SALEM — While a state committee works to establish guidelines to regulate newly legalized medical marijuana dispensaries, some Central Oregon cities are saying no matter what stance the state takes, pot shops are illegal.
Madras city officials were recently approached by a couple interested in opening a dispensary. For Madras Mayor Melanie Widmer, the answer was easy: no.
“Our business license says businesses have to abide by local, state and federal law,” she said. And under federal law, marijuana is illegal.
In Metolius, a town of about 700 southwest of Madras, Mayor Bill Reynolds said he was approached by the same individuals, who have yet to officially apply. But he’s not a fan of the idea.
“I (am trying) to set aside my personal views ... and look at it objectively. Would this benefit the city and do we really want to have it there?” he said.
State lawmakers approved a measure during this year’s legislative session legalizing medical marijuana dispensaries. Prior to the Legislature’s approval, the dispensaries operated in a “legal gray zone.”
The state panel has until Dec. 1 to solidify plans on how to regulate the dispensaries. The state will likely run a website where would-be operators can apply.
Dispensaries that are currently operating will not be grandfathered and will need to apply.
Federal officials have made clear they don’t plan to spend resources prosecuting those who run and operate the dispensaries or pressure Washington and Colorado, where marijuana was recently legalized.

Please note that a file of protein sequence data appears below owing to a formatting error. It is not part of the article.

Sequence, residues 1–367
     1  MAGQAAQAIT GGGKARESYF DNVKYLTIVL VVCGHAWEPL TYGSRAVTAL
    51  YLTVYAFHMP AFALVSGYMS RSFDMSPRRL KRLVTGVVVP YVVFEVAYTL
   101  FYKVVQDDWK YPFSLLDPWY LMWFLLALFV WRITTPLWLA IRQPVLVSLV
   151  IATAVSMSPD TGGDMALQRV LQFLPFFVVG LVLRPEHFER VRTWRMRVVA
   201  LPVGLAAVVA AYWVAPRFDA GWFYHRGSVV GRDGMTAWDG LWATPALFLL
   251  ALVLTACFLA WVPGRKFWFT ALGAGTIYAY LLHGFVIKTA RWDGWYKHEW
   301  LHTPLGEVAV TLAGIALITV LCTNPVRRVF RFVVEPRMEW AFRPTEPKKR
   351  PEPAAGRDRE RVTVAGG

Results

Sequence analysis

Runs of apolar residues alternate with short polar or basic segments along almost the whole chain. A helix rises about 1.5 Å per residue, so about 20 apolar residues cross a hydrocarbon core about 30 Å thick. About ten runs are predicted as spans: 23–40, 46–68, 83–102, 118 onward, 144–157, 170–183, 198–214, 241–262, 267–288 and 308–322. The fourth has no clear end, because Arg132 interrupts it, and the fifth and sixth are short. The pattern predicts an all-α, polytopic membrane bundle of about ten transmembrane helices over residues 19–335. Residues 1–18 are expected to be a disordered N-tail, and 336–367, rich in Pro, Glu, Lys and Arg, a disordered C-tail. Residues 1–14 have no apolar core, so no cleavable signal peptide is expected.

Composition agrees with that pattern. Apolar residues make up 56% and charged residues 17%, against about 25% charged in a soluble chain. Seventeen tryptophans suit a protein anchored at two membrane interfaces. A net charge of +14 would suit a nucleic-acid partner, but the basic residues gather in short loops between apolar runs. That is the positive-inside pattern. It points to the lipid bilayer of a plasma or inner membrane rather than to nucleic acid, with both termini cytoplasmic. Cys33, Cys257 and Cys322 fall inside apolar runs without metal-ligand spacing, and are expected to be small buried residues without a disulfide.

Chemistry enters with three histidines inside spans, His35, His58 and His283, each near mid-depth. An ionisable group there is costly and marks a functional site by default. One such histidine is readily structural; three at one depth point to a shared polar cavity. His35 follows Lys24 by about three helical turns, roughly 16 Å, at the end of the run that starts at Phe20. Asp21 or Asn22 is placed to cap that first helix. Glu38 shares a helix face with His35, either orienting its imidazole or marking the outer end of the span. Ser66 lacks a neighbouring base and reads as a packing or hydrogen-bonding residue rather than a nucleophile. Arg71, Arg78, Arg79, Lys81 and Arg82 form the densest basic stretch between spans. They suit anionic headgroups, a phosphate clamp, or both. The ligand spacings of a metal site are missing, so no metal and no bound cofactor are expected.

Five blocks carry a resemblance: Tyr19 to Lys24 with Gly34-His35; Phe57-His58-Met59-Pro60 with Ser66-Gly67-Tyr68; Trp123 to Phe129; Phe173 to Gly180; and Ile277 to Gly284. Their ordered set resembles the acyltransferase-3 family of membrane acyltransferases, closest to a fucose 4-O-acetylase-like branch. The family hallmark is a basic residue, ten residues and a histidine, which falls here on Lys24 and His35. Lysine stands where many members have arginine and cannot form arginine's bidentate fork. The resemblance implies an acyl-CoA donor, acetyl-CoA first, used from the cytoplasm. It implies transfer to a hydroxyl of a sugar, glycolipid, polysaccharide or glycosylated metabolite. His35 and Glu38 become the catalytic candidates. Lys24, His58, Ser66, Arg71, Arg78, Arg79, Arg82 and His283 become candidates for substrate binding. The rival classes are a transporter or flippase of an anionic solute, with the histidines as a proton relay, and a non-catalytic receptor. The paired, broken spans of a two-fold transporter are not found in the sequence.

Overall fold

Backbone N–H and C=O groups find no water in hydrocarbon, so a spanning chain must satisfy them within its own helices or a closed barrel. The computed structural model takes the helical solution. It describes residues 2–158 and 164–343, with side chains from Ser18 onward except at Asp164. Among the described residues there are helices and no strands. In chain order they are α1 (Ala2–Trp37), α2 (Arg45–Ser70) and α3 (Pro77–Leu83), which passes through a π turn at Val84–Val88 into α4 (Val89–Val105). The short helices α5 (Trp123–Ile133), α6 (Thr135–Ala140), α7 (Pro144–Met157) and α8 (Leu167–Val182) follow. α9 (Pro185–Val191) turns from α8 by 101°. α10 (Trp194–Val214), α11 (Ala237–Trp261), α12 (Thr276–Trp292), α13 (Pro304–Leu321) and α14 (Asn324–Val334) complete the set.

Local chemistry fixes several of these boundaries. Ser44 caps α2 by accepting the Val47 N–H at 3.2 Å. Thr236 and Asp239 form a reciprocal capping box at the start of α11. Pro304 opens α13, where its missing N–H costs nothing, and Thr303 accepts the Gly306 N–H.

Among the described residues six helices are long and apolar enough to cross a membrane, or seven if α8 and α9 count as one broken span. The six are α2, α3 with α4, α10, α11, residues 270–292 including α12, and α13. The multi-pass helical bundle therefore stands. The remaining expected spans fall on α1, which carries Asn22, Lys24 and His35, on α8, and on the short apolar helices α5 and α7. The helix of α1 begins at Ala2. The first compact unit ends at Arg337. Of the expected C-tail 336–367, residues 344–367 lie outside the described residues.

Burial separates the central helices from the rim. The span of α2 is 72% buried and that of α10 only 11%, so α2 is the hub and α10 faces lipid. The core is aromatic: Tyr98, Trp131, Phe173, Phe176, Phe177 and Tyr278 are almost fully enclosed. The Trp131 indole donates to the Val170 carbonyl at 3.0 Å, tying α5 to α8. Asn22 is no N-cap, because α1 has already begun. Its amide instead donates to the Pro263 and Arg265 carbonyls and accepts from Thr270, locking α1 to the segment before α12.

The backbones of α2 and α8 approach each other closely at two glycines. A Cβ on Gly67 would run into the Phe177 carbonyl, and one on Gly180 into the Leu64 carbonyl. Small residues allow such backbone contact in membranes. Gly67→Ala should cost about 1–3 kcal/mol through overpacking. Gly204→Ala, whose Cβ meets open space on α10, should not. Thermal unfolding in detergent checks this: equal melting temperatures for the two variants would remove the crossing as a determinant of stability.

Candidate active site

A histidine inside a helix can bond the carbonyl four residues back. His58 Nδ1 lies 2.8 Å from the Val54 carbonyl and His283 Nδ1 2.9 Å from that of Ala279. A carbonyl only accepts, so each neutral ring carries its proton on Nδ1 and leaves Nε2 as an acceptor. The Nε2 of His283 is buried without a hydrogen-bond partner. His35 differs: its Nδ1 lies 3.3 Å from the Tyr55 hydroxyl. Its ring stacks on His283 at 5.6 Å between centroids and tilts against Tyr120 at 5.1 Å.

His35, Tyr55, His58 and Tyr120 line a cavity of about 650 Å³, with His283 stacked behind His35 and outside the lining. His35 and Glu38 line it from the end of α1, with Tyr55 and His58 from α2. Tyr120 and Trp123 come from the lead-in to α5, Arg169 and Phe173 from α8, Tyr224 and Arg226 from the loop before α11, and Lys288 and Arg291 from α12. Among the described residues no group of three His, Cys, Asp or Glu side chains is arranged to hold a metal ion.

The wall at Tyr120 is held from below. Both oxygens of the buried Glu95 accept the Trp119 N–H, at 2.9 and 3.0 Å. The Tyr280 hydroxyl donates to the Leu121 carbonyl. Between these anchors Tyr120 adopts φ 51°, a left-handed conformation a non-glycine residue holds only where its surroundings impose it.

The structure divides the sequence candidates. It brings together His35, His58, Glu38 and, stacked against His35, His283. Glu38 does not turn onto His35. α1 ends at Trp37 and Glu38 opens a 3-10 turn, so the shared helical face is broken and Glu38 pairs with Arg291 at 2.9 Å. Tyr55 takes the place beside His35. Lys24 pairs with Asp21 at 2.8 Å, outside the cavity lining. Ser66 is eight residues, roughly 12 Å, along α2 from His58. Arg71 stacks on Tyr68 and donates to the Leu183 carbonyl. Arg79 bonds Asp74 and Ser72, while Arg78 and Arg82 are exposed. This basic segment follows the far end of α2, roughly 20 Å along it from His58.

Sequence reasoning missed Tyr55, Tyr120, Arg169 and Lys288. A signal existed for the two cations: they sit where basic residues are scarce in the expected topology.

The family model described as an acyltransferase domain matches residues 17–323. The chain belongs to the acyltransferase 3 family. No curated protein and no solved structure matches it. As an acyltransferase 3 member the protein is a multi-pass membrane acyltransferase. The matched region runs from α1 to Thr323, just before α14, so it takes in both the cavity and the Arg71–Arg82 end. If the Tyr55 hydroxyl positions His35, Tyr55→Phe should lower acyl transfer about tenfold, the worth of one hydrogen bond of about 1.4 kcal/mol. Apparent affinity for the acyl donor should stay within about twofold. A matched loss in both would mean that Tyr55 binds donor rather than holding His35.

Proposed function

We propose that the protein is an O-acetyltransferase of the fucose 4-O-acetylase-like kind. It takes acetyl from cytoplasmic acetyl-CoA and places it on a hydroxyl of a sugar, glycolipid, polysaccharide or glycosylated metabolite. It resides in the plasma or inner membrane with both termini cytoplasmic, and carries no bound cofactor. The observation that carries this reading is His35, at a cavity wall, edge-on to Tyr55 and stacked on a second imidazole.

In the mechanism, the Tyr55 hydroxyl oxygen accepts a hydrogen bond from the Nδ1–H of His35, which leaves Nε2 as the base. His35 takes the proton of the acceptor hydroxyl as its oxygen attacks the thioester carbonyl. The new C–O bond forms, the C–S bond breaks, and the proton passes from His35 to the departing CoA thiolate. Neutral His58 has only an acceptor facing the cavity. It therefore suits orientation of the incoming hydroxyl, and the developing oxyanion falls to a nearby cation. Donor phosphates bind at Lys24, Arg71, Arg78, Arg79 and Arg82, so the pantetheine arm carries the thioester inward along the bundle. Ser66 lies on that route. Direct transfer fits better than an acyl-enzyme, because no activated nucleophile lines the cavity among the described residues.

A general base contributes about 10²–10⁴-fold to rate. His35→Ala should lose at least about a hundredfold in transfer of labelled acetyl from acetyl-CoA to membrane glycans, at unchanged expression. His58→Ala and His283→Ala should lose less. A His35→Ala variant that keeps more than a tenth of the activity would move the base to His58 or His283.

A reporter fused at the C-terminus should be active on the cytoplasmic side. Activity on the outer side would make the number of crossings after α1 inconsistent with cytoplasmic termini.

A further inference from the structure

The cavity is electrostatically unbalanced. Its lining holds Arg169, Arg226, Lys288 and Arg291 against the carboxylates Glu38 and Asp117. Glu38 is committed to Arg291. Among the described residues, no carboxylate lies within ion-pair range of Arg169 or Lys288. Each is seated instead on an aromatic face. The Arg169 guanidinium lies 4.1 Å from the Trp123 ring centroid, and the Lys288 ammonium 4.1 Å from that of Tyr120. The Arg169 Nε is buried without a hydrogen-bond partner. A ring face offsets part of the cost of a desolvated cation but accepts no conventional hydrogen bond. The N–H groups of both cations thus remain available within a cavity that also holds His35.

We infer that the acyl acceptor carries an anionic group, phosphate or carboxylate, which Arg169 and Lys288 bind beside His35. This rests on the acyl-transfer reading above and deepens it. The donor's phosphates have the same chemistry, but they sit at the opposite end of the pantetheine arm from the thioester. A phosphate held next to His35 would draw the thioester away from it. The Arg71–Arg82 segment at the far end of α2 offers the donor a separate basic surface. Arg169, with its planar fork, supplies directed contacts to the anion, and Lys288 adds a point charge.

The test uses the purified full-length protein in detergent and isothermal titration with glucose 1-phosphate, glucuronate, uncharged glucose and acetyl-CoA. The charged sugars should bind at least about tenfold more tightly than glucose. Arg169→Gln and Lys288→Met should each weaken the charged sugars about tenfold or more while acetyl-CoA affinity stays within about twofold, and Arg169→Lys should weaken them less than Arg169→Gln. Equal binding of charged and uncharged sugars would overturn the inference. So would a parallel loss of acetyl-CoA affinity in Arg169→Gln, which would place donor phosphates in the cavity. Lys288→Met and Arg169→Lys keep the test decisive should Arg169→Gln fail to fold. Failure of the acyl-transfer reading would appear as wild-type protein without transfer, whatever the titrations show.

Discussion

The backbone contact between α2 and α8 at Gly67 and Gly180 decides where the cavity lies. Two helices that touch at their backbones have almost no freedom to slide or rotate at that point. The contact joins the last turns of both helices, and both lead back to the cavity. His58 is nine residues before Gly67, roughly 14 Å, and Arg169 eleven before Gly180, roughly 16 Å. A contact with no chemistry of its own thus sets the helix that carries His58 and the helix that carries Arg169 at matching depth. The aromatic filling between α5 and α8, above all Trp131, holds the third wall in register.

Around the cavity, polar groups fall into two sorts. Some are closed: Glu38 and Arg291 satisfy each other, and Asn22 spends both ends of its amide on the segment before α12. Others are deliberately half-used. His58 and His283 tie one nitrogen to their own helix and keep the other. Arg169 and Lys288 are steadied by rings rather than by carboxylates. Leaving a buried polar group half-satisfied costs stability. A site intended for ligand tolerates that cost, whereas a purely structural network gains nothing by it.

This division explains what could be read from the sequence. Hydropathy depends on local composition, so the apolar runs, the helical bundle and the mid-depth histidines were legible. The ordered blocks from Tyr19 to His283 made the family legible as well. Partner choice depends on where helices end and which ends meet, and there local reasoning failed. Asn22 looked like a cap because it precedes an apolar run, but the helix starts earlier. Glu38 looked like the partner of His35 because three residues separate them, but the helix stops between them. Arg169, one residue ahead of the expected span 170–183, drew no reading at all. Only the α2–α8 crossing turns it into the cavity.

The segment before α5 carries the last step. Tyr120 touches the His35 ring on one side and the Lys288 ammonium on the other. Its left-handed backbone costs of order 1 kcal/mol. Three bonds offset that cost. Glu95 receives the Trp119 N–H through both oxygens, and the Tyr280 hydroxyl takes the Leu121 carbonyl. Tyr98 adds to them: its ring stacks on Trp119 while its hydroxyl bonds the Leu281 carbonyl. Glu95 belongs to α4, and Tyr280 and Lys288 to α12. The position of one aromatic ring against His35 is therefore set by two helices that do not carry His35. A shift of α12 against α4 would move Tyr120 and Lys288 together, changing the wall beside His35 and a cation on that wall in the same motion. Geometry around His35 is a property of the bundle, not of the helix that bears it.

But Gov. John Kitzhaber noted when signing House Bill 3460 that “nothing in this law protects the dispensaries, growers, caregivers, or patients from federal prosecution.”
The Oregon Health Authority does not believe it has the authority to pre-empt local decisions.
The state panel, made up of both advocates and law enforcement officials, is working to figure out how to regulate the dispensaries and test the cannabis, to ensure it’s mildew- and mold-free.
Rick Eslinger, a volunteer with Bend’s Best Buds, a medical marijuana dispensary, believes most people involved with dispensaries are looking forward to state regulations. People need a place where they can get good, “clean medicinal herbs,” he said.
Bend’s Best Buds has been testing its cannabis for the past two years. Having a clean product is one element that separates what is sold on the streets from what’s offered in dispensaries, he said.
Bend Mayor Jim Clinton has a different stance from his counterparts to the north. So far, he said, nobody has complained about the dispensaries, some of which have been operating in the city for a couple of years.
“I think there is potential if they expand a lot, it could cause friction and people will ask us to do something about it,” Clinton said.
That hasn’t happened yet.
“As long as it’s legal and not causing any more trouble than any other kind of retail, wherever they are located, then it’s hard for the city to single them out,” he said.